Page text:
3. You’re Right.
I find this phrase is more effective than the ever-popular “I’m Sorry.” It may be because “I’m sorry” is over-used, or sometimes said half-heartedly, but “You’re Right” hardly ever goes wrong. The key with these two words is, again, in timing. When your partner is telling you how they feel, citing places where you could improve, don’t jump to point your finger back at them and start listing examples of where they, too, could improve. Instead just sit there, listen, and say, “Your Right.” This is usually so disarming that it stuns the other person into softening up immediately. Then, you can have your turn to vent your frustrations.
4. I appreciate that you…
This one speaks for itself. It’s been said by numerous experts that the number one reason people leave relationships or cheat on their spouses is lack of appreciation, not lack of love. So how important do you think it is to actually say the words, “I appreciate”? Yeah, pretty important. It doesn’t matter what it is that you appreciate either… emptying the dishwasher, sending a sweet text, remembering an important date, whatever it is, just tell the one you love that you appreciate their efforts.
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First let me say to Kim and Kanye, I’m sorry to use you as an example for other people. No one wants to be the model for what not to do in a marriage. At their core, I do believe that they are both good, decent human beings as most of us are. The problem is simply this: when you receive an astronomical amount of attention everyday from millions of people, many of them worshiping and adoring you for doing basically nothing for them (I mean, has Kim or Kanye ever called to see how your day was? Dropped off some take out when you weren’t feeling well? Asked if you needed help on moving day?) you begin to believe that just by being you, you deserve love. When you get 150,000 “likes” just from posting a photo of your backside, it can easily convince you that your mere existence is a gift to others. You no longer think you have to give love in order to get it. In fact, your daily agenda quickly becomes finding ways to illicit more love and attention for yourself, and you develop a “taker” mentality. When you have two people in a marriage who both are focused on “taking love” instead of giving it, the relationship quickly and conclusively, crumbles.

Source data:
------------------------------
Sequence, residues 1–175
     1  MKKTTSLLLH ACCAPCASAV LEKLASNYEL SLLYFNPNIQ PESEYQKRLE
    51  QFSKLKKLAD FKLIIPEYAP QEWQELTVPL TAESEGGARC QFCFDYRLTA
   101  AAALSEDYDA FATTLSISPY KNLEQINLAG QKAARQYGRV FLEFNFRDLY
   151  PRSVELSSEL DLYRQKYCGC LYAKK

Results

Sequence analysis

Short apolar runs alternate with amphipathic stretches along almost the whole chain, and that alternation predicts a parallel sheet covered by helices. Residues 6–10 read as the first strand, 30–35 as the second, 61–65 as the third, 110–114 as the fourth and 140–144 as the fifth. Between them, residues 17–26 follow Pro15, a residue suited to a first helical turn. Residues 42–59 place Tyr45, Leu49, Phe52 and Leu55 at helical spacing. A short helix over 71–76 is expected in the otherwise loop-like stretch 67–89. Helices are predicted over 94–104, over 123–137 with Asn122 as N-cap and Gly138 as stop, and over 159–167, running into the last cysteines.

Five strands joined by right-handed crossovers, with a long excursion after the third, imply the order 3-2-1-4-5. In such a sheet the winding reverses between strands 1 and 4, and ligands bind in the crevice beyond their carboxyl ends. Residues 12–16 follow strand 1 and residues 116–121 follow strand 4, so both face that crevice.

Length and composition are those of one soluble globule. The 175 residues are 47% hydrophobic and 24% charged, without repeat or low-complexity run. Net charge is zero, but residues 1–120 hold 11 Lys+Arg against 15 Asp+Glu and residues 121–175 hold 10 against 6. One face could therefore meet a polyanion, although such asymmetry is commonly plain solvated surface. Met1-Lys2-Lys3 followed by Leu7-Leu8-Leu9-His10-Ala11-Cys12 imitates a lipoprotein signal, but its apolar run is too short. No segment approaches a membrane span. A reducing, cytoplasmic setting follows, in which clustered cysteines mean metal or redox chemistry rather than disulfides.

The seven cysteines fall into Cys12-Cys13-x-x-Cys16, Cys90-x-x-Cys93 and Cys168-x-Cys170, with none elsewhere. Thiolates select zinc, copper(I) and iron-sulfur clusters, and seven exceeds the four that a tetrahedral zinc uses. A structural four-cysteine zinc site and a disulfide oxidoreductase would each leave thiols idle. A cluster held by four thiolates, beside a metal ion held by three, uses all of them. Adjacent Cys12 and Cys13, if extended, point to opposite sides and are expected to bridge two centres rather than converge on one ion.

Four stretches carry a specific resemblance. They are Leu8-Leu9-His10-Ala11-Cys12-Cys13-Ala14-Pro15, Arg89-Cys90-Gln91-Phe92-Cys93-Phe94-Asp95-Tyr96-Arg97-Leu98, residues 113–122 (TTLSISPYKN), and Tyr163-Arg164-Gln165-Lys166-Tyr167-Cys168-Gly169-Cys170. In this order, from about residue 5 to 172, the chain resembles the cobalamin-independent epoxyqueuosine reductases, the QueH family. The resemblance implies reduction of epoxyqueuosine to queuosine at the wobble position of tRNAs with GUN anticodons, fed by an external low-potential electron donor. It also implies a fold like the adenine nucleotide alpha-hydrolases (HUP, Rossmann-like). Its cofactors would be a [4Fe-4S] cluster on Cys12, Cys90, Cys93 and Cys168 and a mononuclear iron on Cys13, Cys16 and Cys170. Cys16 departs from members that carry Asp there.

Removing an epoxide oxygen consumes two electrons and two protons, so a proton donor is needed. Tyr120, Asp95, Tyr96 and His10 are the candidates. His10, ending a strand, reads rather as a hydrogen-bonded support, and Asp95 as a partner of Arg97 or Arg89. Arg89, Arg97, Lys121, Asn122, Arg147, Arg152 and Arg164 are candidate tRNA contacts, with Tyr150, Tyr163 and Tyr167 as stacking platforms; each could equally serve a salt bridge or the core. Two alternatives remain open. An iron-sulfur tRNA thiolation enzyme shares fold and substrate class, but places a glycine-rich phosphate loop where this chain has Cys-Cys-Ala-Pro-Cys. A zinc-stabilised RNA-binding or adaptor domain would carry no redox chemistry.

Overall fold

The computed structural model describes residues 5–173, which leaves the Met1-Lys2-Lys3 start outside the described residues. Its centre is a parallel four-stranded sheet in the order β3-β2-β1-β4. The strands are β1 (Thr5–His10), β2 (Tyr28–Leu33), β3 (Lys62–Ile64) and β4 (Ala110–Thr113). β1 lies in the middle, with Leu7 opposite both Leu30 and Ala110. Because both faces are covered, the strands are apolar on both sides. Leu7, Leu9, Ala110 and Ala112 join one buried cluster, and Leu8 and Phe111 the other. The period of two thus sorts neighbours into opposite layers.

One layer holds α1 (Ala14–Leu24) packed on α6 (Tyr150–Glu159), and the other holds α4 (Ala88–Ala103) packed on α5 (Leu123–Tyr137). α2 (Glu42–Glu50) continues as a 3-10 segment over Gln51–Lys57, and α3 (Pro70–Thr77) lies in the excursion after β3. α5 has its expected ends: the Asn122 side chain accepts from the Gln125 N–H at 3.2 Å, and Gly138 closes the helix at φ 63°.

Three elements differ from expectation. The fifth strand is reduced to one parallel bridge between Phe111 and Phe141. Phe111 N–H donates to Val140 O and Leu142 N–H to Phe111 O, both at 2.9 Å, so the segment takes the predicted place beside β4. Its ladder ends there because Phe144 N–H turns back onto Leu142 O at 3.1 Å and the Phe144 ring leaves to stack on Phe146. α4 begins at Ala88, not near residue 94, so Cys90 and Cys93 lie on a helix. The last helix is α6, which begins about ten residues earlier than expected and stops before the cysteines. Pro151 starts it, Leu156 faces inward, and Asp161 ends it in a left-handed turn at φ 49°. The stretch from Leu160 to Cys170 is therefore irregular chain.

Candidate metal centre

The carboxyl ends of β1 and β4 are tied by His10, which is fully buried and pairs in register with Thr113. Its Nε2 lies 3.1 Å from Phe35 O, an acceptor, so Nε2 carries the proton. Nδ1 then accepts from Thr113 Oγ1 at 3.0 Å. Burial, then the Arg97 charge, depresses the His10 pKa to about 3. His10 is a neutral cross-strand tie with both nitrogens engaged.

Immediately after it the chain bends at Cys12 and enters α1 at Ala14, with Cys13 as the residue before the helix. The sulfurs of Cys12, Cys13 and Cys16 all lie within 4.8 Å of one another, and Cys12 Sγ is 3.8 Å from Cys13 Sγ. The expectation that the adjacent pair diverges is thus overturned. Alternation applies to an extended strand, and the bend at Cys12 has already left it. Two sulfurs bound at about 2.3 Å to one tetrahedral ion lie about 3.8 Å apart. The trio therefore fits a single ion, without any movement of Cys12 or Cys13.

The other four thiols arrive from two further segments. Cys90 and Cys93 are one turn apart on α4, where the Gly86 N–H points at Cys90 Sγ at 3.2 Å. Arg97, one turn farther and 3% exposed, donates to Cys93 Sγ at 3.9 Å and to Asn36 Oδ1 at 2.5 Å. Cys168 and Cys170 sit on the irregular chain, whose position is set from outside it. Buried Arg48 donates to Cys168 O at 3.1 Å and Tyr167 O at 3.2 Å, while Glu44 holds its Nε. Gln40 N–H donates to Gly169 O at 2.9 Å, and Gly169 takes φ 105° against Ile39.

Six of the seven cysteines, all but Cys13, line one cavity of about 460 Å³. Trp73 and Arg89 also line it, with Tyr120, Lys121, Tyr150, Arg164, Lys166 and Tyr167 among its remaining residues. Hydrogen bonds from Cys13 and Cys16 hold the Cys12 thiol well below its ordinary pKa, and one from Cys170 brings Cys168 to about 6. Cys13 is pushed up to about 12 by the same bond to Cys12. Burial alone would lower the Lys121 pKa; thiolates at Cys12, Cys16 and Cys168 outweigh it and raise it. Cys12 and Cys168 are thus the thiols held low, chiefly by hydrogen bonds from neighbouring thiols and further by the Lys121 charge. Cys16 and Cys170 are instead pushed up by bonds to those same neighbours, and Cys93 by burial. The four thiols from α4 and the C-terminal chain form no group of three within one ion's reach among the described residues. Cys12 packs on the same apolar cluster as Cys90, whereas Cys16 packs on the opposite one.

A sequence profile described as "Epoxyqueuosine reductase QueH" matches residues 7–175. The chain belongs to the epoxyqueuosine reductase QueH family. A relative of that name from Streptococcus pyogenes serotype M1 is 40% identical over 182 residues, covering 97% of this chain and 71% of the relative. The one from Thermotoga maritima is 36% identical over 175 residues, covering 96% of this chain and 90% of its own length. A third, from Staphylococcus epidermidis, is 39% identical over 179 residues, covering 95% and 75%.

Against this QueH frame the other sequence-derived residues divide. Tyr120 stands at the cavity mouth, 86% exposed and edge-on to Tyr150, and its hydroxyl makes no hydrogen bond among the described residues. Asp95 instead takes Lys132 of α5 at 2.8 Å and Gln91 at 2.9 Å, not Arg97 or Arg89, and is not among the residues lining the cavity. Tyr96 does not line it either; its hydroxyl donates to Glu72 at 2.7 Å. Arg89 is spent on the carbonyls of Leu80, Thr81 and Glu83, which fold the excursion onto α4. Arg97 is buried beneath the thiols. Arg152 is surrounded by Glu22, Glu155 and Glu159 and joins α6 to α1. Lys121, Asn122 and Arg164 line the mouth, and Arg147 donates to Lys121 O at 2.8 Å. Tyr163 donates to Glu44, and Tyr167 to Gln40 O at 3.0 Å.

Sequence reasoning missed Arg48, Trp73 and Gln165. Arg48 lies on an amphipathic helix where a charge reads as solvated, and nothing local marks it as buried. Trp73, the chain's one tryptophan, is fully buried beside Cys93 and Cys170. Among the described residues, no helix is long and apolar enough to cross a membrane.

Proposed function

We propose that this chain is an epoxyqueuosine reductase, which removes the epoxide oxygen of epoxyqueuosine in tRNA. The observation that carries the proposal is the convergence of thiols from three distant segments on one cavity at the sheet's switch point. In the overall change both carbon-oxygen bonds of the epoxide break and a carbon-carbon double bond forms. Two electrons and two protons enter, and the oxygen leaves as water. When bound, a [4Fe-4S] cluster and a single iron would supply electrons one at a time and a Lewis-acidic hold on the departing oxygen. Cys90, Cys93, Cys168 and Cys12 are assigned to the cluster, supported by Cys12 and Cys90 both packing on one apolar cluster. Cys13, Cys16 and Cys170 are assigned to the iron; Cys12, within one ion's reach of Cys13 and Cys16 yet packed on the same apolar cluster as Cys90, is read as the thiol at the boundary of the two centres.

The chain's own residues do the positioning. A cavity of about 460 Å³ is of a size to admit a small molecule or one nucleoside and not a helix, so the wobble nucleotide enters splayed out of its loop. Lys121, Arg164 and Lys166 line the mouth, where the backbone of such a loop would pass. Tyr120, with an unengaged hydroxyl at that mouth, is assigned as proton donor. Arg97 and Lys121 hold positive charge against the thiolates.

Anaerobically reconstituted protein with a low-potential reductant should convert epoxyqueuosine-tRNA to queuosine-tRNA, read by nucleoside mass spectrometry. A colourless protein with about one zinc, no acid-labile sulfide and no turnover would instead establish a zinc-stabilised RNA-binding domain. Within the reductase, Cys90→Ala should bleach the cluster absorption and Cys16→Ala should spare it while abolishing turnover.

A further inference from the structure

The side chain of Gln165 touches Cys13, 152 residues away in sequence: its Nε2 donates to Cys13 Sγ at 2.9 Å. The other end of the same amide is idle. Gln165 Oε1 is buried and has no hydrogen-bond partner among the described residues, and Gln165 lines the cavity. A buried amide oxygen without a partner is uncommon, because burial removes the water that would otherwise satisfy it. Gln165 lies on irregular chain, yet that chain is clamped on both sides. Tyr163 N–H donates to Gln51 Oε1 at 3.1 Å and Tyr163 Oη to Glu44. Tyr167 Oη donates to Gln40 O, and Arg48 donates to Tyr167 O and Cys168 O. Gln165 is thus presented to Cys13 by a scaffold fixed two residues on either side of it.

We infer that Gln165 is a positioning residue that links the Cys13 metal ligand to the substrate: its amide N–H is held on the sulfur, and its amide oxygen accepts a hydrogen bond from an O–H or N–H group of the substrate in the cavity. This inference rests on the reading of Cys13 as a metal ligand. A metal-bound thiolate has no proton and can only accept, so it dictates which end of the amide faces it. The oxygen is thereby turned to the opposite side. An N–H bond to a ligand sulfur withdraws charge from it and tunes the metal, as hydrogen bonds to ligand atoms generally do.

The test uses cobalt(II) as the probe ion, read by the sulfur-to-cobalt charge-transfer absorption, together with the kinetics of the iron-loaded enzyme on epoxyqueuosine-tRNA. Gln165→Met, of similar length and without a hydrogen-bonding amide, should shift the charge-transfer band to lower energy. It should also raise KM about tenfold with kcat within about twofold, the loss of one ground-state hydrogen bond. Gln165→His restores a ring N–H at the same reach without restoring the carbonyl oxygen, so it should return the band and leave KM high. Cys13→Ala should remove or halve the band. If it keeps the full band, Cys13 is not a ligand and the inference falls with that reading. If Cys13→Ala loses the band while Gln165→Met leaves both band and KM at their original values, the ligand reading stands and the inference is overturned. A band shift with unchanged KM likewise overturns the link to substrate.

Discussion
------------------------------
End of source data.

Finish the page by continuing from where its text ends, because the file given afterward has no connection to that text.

Celebrities, often become Cursed when it comes to relationships. The reason, mainly, is that they expect their partner to act as their biggest fan. While it’s necessary, for example, for Kim to support Kanye in his music career, travel to see him, celebrate his triumphs and comfort him in disappointment, unlike a fan, she expects and deserves reciprocity from him. A marriage can only survive when each person puts the other one first. Love can only thrive when two people are more interested in the others well being above and beyond their own. With a power couple like Kimye, where each person is a brand and each day must be lived to keep that brand alive, the focus is simply going to be more on “me” than on “you, or even “we”.
Where did they go wrong?
In the beginning of their relationship, I’m sure everything was fine. In fact, due to money being no object, I’ll bet Kim and Kanye were just perfect. So what happened? It’s been reported that Kanye was in love with Kim at first site and spent years pining after her. So why did that change? Why couldn’t that love sustain during marriage? As many relationships go, Kim and Kanye were on their best behavior in the beginning, but as they grew comfortable in their marriage and began going through different hardships (her robbery, his hospitalization), their default personalities took over, and they ended up interacting with each other not with heart, but with ego. Let’s look at Kanye for example. Kanye saw Kim as a prize to be won. He had it all, except for her. She was the one thing that he wanted but couldn’t get. Then, he finally got her and what a boost to his manhood! It made him feel good about himself to have her as his own. But after that ego high wears off, there is a person, a partner, and a marriage that has to be tended to. He cannot go back to being the old Kanye because now he is someone’s husband and father. He has to think of THEM, instead of himself. However, the ego cannot do that. The ego is only interested in “self.” So if Kim is expecting him to be thoughtful, giving, and caring towards her, (as we all would hope our spouse would be), she’s going to be disappointed. Kanye’s main focus is going to Kanye. He will be completely self-involved as he always has been, and she really can’t fault him for it because he was that way when they met.